Alright, there’s always one LONG passage on the GRE—fortunately only one, but it’s something we can’t really get around. Since the test will tell us that questions 8-11 (four whole questions) are based on this passage, it is worth our time to read the passage. We’ll need to read somewhat quickly—after all, four questions cannot possibly quiz us over every detail—but we need to be able to find information quickly. One way we can keep track of everything is to take very short notes on our scratch paper about each paragraph.

This question asks us about a “primary concern” of the author’s; roughly translated, the question wants to know the main idea of the last paragraph. If we’ve been keeping notes about each paragraph, now is the time to use them! If not, another useful trick is that we might read the beginnings and ends of each paragraph to get a sense of what they talk about and how they relate. Even though we’re asked about the last paragraph, we still need to quickly recap what each paragraph is about in order to have the necessary context in order to answer this question correctly.

The first paragraph, we may have noted, introduced a phenomenon that Bond studied: the red iron-oxide stains on some sediments carried to the North Atlantic by iceburgs. The second paragraph explained a hypothesis of Bond’s: that cycles evinced by these sediments proved a point about ocean current and climate cycles. The third paragraph expanded on this by explaining how ocean currents are controlled by temperature.

Finally, the last paragraph connects the “Little Ice Age” and the “Medieval Warm Period” to this 1,500 year cycle. It explains that if Bond’s hypothesis is correct, scientist can expect the middle of the next warm period to be in the twenty-fourth century.

Alright, the last paragraph seemed to broaden out the passage a little bit. Instead of discussing how Bond arrived at his conclusions, the last paragraph connects his hypothesis to the past and present. Let’s see if there’s an answer choice that reflects something similar.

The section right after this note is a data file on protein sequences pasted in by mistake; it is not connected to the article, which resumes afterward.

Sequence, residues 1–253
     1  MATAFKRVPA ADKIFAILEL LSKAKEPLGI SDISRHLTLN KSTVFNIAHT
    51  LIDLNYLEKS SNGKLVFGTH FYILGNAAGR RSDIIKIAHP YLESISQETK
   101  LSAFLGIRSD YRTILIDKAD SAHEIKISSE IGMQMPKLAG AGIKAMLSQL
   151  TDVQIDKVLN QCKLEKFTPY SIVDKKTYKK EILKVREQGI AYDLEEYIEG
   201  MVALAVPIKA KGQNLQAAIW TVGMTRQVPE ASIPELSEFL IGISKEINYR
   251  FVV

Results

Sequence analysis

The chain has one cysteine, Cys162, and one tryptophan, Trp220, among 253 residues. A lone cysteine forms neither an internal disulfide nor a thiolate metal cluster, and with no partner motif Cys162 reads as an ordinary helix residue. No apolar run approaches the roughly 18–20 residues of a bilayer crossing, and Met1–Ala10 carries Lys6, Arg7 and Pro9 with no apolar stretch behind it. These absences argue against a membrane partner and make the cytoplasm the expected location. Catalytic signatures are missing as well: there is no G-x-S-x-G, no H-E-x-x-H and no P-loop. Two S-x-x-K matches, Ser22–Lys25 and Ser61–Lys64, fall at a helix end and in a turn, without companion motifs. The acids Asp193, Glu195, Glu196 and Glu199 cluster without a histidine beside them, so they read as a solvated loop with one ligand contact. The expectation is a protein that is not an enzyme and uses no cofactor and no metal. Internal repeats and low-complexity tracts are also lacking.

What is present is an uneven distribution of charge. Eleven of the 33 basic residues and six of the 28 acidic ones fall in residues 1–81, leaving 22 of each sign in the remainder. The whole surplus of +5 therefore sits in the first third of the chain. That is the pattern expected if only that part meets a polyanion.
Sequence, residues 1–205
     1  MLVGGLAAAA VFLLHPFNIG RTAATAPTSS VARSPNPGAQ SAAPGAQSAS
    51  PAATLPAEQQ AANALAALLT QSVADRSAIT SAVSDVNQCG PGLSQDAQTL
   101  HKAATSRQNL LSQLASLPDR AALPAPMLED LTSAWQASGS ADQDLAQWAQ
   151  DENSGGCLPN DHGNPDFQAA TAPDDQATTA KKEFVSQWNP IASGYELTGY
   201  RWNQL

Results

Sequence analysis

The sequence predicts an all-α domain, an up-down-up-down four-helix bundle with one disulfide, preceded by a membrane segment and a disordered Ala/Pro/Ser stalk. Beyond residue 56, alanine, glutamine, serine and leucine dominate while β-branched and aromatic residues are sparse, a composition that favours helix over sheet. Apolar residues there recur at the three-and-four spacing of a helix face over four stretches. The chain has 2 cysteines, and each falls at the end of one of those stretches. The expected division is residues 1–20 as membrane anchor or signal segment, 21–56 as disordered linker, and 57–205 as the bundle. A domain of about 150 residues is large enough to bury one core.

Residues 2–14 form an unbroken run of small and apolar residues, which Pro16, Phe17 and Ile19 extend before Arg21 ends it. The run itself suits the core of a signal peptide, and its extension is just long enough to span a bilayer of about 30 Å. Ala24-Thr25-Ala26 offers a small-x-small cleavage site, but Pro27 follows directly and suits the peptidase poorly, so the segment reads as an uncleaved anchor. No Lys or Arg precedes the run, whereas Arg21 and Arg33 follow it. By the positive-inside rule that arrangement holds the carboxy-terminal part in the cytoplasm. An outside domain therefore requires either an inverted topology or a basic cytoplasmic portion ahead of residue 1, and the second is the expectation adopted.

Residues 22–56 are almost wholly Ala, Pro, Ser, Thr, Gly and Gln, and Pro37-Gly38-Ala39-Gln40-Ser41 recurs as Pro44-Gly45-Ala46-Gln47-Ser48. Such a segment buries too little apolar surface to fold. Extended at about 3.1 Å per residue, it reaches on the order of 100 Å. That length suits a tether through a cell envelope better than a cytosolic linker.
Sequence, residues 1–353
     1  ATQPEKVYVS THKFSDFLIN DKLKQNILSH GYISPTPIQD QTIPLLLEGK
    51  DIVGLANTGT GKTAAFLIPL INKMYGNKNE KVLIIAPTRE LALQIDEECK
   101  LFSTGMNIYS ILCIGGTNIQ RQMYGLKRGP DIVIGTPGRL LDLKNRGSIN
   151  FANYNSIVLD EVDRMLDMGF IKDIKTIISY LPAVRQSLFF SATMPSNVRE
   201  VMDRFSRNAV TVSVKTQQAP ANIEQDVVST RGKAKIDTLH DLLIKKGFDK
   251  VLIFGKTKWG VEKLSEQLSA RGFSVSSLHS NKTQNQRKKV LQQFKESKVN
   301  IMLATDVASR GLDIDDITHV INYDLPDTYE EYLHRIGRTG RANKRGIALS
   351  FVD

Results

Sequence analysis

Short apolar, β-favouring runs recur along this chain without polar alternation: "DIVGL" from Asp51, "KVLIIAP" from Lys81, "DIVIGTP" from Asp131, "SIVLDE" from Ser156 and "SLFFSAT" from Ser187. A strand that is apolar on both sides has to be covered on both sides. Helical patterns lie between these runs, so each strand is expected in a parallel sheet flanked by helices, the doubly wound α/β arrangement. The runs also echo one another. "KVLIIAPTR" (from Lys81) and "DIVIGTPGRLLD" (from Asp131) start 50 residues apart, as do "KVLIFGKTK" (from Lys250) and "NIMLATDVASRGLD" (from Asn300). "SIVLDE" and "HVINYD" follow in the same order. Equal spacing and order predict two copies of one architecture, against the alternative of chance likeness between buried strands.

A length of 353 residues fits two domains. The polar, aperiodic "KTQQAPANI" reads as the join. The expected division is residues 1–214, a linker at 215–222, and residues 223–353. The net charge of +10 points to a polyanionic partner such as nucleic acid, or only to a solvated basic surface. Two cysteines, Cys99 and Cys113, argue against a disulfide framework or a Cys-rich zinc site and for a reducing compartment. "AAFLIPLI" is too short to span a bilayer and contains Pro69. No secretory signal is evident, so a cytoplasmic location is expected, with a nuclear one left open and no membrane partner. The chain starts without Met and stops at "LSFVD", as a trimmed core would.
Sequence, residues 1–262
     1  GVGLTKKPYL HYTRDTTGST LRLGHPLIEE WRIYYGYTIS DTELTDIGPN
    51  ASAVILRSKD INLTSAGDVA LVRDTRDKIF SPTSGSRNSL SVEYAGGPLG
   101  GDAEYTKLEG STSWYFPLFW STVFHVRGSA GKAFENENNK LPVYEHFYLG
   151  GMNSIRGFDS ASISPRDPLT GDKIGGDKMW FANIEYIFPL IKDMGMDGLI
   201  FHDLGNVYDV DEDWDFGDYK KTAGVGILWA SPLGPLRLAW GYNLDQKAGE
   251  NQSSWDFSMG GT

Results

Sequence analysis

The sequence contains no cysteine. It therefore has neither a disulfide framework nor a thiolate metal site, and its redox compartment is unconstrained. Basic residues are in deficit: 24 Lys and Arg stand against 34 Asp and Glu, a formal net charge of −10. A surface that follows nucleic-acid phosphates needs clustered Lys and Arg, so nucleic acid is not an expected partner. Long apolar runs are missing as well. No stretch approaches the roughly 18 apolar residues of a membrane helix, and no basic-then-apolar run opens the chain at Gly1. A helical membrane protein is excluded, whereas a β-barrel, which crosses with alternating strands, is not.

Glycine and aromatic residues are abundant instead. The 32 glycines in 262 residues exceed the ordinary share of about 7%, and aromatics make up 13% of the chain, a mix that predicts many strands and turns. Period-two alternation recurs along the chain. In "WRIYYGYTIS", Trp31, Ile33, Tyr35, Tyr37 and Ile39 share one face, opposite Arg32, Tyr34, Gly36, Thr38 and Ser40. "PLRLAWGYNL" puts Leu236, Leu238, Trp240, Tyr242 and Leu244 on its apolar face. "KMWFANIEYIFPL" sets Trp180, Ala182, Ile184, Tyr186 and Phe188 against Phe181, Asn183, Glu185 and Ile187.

• answering a question about Earth’s climatic history

Well, this paragraph does mention something about Earth’s climatic history, but this answer ignores the connection to the future that seems to be a key idea in this paragraph. Also, the previous paragraphs didn’t pose any questions about Earth’s climatic history that needed to be answered: instead, the information in this paragraph is simply presented as additional evidence in-line with Bond’s observations. We can eliminate A

  • pointing out a potential flaw in Bond’s hypothesis

The paragraph provides information from history that seems to be in-line with Bond’s hypothesis, so it doesn’t really weaken or find faults with Bond’s hypothesis. We can eliminate B.

  • suggesting a new focus for the study of ocean sediments

What was the original focus of the “study of ocean sediments”? We know from the second paragraph that Bond’s hypothesis was always about suggesting how these ocean sediments might help explain climate cycles, and this last paragraph continues with the same focus. We can eliminate C because, while the last paragraph suggests new information and a new application of Bond’s research, it does not suggest a new focus.

  • tracing the general history of Earth’s climate

Hmm. Our paragraph did mention two historical climatic events, so this must be the answer, right? In the words of the great Admiral Ackbar, IT’S A TRAP! The test makers know that we might be feeling flustered and just want to pick an answer, and here’s one that sounds like it fits the general idea of the paragraph. The only problem is that the paragraph DOES NOT give us a complete general history of Earth’s climate—it only lists TWO events—nor does the paragraph focus solely on history—the future is alluded to, as well. We can eliminate D.

  • discussing possible implications of Bond’s hypothesis

Aha! This is the only answer that alludes to the fact that our last paragraph discusses how Bond’s hypothesis might be applied, which was the point of relating the hypothesis to the past and future. The passage specifically talks about what might be “extrapolated” from Bond’s hypothesis, which is another way of talking about its “implications.” E is a good answer!